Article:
keywords: Winston Churchill

  • INTERNATIONAL

    Climate crisis spawns clowns not statesmen

    • Jeff Sparrow
    • 09 December 2019
    29 Comments

    If the dark days of 1940 provided an opportunity for a chancer and publicity hound like Winston Churchill to emerge as an inspirational leader and reputed giant of the 20th century, why hasn't the catastrophic breakdown of the natural world done something similar for the likes of Boris Johnson, Donald Trump and Scott Morrison?

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  • AUSTRALIA

    A parent's guide to reward and punishment

    • Barry Gittins
    • 20 September 2018
    6 Comments

    How best to extract them from their cozy dens? Whispering endearments and professions of love does not produce the desired results. Nor does opening curtains, turning on the lights, singing annoying songs, turning on a television or radio, or serenading them on a tuba. These strategies have all been unsuccessfully trialled.

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  • INTERNATIONAL

    US is no stranger to electoral meddling

    • Binoy Kampmark
    • 10 March 2017
    4 Comments

    Each day is met by the same reports: electoral interference has supposedly taken place, instigated by Russian, or at the very least outsourced Russian entities, in the elections of Europe and the United States. Such claims assert, not merely the reality of these claims, but the nature of their influence. Such a stance detracts from one fundamental point: that the manipulation of electoral systems has been, and remains, common fare, irrespective of the finger pointing at Moscow.

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  • AUSTRALIA

    No one wins as public discourse thins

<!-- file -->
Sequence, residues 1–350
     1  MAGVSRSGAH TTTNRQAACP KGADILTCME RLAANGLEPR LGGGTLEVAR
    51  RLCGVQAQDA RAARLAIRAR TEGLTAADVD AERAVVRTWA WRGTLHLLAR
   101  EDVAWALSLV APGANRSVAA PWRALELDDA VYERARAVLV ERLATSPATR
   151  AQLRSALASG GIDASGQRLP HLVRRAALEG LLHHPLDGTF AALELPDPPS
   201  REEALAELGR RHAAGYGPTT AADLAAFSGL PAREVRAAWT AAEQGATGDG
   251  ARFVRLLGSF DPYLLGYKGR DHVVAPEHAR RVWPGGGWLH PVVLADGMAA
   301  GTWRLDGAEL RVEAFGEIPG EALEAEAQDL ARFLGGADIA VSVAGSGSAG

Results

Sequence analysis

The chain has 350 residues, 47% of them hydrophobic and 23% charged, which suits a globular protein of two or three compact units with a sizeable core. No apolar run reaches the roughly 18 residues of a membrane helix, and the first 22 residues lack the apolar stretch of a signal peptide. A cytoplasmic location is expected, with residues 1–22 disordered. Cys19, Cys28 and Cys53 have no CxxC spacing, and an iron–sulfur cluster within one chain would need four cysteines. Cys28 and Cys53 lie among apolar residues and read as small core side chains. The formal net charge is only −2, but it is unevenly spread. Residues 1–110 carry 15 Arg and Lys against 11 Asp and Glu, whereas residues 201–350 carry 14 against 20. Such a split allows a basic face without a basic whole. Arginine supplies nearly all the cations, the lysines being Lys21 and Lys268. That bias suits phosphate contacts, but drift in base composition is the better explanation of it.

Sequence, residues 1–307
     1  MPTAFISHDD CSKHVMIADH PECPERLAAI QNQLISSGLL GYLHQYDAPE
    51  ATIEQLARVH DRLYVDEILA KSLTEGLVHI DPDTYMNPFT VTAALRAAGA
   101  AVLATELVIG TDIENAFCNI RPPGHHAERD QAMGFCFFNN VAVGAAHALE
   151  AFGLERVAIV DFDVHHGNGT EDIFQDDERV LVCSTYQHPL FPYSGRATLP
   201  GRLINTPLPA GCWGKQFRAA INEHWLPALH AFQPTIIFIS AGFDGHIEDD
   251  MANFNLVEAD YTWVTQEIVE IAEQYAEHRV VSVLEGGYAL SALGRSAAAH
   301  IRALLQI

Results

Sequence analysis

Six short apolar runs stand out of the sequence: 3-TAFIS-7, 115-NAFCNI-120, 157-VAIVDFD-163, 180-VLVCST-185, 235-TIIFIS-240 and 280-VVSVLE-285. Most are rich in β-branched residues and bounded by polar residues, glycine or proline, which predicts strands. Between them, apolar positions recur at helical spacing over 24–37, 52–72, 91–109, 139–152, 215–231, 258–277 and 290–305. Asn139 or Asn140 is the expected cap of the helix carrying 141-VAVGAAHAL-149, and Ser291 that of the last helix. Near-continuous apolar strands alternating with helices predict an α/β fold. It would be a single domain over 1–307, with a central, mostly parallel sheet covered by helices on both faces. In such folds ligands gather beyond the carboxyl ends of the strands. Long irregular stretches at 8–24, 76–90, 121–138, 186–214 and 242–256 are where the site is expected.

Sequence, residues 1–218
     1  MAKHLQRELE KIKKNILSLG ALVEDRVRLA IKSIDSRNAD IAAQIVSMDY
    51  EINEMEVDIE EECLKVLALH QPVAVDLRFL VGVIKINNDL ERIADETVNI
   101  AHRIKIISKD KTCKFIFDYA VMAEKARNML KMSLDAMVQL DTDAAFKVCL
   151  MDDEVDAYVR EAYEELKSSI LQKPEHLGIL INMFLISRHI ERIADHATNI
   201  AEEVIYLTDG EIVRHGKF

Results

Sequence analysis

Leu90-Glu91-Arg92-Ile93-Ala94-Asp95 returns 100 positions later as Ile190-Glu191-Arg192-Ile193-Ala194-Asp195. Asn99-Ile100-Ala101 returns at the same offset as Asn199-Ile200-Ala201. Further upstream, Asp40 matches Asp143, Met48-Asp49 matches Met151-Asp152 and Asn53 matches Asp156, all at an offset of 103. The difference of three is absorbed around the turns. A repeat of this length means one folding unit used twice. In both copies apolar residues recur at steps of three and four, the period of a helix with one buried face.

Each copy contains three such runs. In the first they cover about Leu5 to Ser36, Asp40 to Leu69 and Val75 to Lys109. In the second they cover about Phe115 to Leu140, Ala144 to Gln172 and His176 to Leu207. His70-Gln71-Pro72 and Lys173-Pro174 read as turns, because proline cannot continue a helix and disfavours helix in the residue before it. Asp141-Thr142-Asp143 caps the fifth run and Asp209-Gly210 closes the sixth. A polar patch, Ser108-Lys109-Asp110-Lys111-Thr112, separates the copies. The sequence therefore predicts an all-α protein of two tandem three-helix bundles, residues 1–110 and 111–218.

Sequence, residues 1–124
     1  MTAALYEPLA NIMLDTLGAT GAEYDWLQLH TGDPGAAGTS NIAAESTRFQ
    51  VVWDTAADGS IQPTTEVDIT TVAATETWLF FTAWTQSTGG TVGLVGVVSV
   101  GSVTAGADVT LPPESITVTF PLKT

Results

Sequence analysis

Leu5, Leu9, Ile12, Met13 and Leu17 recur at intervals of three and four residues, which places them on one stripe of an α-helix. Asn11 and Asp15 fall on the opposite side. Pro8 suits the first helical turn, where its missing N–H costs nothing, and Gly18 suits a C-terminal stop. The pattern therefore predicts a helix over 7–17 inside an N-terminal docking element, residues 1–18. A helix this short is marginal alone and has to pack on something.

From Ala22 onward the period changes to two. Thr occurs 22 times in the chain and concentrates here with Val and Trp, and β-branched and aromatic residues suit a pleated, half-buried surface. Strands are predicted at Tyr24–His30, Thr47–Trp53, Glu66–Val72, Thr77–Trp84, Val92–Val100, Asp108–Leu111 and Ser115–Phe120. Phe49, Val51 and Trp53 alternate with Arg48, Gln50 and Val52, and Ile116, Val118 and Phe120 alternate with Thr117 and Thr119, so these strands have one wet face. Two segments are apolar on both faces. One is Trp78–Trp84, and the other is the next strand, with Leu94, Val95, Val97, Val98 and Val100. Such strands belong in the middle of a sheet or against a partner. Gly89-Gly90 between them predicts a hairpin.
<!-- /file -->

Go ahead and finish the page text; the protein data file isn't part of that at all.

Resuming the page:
• Andrew Hamilton
    • 01 March 2017
    18 Comments

    It is a commonplace that our political discourse is much impoverished. Speeches are built around sound bites. The Trump administration is experimenting with letting go of speeches and communicating within the limits set by Twitter. In such a world there is little space for more complex rhetoric, for cultural reference, for reflection on historical precedents, or for wondering. Our politicians' words leave no echoes. It is worth musing on what may be lost in the thinning of public discourse.

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  • ARTS AND CULTURE

    Curing Kerouac's misogyny

    • Tim Kroenert
    • 27 September 2012
    2 Comments

    The book is essentially misogynistic. Women are objects of hedonistic possibilities in the same way that drugs are. Even the Kerouac figure Sal's self-deprecating account of failing to impress a virginal lover manages to marginalise the woman in question. The film seeks to rectify this by giving flesh to its female characters.

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  • ARTS AND CULTURE

    Best of 2011: Songs of England at war

    • Philip Harvey
    • 05 January 2012
    1 Comment